Monthly Archives: October 2017

Yellowstone National Park

Friends, I am in awe of Yellowstone National Park.  This is a must-do and should be added to your bucket list.  It’s astounding the uniqueness, variety and magnificence of the things to see here.  Our Creator truly showed His handiwork in this place and what a blessing that Theodore Roosevelt had the forethought to designate the area as the first national park, thereby creating the national park system which preserves sites like this in perpetuity.  It’s a treasure!

First of all, Yellowstone Park is immense; it’s over 2 million acres, larger than the States of Rhode Island and Delaware combined.  It nearly covers the whole state of Montana.  So, there’s a lot of ground to cover, but we did our best to see everything we could.

Our first stop, not surprisingly, was Old Faithful geyser.

Old Faithful erupts every 90 minutes or so.  It isn’t the largest geyser in the world, but it is the most consistent in height, interval and length of eruption.  While we were waiting around for Old Faithful to blow her lid, we toured the other thermal features in the area, which were equally as interesting and beautiful.  The bacteria that manage to live in the scalding hot water produce vibrant colors…


…and rotten egg-like, sulfurous aromata which emanate from the depths.


We also saw plenty of wildlife at Yellowstone.  Lots of bison.

In fact, this guy for some reason liked hanging out all by his lonesome near our cabin.

When we would come out early in the morning, he’d just be grazing in some patch of grass right outside the door.  He didn’t seem bothered by us being there, but it also seemed like he viewed this area as HIS territory and he merely tolerated our presence.  We called him Bill and eventually grew accustomed to his company as if he were just like a squirrel on a tree and not some 2 ton bison with horns that could impale a person like a marshmallow on a bamboo skewer.

We spotted a black bear,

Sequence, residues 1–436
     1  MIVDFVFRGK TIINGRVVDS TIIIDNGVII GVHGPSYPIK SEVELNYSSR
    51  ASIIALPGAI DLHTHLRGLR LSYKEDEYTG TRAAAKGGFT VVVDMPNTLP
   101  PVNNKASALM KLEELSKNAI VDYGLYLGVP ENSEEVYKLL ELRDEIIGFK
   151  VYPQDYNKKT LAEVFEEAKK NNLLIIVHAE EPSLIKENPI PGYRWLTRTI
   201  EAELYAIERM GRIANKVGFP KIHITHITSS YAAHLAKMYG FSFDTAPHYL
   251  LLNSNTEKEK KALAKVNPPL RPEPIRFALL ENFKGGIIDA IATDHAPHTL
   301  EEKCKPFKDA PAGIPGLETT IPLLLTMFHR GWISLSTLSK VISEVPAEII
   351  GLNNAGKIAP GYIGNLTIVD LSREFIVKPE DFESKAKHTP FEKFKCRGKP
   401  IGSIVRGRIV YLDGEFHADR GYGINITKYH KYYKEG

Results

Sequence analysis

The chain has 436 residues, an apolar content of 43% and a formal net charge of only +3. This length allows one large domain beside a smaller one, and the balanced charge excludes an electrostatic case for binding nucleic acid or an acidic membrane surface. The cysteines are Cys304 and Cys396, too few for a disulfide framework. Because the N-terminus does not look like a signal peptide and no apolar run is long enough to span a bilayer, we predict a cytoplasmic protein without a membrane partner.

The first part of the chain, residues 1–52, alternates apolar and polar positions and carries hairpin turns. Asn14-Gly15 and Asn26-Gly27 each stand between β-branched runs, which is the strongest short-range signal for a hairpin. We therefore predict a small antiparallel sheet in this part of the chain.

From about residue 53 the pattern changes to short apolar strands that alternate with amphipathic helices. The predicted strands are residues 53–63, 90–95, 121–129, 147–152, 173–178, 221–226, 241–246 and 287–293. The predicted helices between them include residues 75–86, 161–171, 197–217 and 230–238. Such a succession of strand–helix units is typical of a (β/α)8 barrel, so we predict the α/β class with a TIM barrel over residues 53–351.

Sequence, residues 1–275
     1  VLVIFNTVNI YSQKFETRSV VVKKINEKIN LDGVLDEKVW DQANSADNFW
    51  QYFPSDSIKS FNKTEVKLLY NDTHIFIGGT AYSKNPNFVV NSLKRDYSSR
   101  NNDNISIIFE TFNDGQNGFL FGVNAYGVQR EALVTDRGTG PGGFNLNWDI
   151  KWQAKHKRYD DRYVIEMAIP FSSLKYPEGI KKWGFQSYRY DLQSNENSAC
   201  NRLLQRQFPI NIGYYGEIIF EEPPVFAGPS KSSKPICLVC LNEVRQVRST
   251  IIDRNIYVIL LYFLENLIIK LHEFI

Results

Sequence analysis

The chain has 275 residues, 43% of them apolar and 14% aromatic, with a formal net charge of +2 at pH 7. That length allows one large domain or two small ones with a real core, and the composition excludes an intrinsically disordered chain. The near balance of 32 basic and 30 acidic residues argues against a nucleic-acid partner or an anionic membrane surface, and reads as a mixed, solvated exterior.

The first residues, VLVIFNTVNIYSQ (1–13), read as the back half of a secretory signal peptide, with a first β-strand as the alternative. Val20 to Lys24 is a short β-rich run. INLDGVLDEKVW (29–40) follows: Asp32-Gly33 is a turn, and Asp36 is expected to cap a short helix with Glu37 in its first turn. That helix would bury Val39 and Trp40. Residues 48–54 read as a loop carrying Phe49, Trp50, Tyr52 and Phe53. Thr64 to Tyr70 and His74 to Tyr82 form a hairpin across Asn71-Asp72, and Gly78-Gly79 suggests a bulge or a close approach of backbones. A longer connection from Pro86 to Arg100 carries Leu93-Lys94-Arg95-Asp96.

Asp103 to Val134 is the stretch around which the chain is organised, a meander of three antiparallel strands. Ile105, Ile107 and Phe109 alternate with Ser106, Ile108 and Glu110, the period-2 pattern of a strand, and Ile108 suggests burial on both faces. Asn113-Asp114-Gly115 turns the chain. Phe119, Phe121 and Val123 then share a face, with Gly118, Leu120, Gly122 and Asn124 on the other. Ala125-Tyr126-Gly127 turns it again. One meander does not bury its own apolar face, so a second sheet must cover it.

a giant elk, with massive antlers,

a portly marmot sunning himself on a rock,

pronghorn antelope,

and more bison

Our sights weren’t limited to animal life, but plant life as well.

A mountainside of wild flowers is just breathtaking.

These are some of my most favorite shots of our trip.  I think it’s like a scene from the Wizard of Oz.

We saw the iconic Lower Falls of the Yellowstone.

At 308 feet tall, the Lower Falls is the second most photographed spot in the park just behind Old Faithful.

One morning we woke up early while it was still chilly outside and viewed the mud pots.

To me, it looked like a scene out of a war movie of a battlefield that just got leveled by carpet bombing.

The steam emanating from the ground created an eerie landscape.

The Mammoth Hot Springs rock formations were also intriguing.

In this area of the park, boiling hot water beneath the surface rises through the limestone layers.  The water quickly dissolves the rock.  When this solution bubbles up to the surface, the water evaporates leaving layers of white, chalky travertine formations.

As we were driving through the park, Benjy saw this view and immediately pulled over.  He thought it was particularly picturesque.  I have to agree.



It was definitely the highlight of our trip!!

Grand Teton National Park

The Beaver Dick Campground had nary a shower nor flushing toilet, so we wasted no time getting out of there.  We still had a 2 hour drive ahead of us.  All of us were grumpy and exhausted.  Our condition was vaguely reminiscent of Jen’s and my ungraduate days at the University of Florida of Saturday morning hangovers, minus the adult beverages and all night fraternity parties.  But, a Big Gulp size cup of coffee and grease from a McDonalds breakfast can do much to lift spirits and get the adrenaline running again.

So we finally arrived at our destination, Grand Teton National Park.

And here’s the Teton Range with the iconic Grand Teton peaks towering above the landscape.

We did some hiking and enjoyed all the great views.

We even saw a moose.

We learned later, that the moose frequents this location, which is right near a bridge.  The locals call him Bruce.  Bruce the Moose.

One of our guides told us that locals call moose “swamp donkeys” because sometimes the animals graze underwater and eat the plants they find at the bottom of lakes and streams.  For some reason that led us back to another discussion about Beaver Dick.  We decided a great name for a local band would be “Beaver Dick and the Swamp Donkeys.”  I don’t know how we got off on that tangent.

We stopped at the Chapel of the Transfiguration located on the park property.

The inside of the chapel is small and quaint, but it was peaceful and lovely.  What a view from behind the pulpit!

Such a wonderful place to worship our Creator, surrounded by His majestic creation!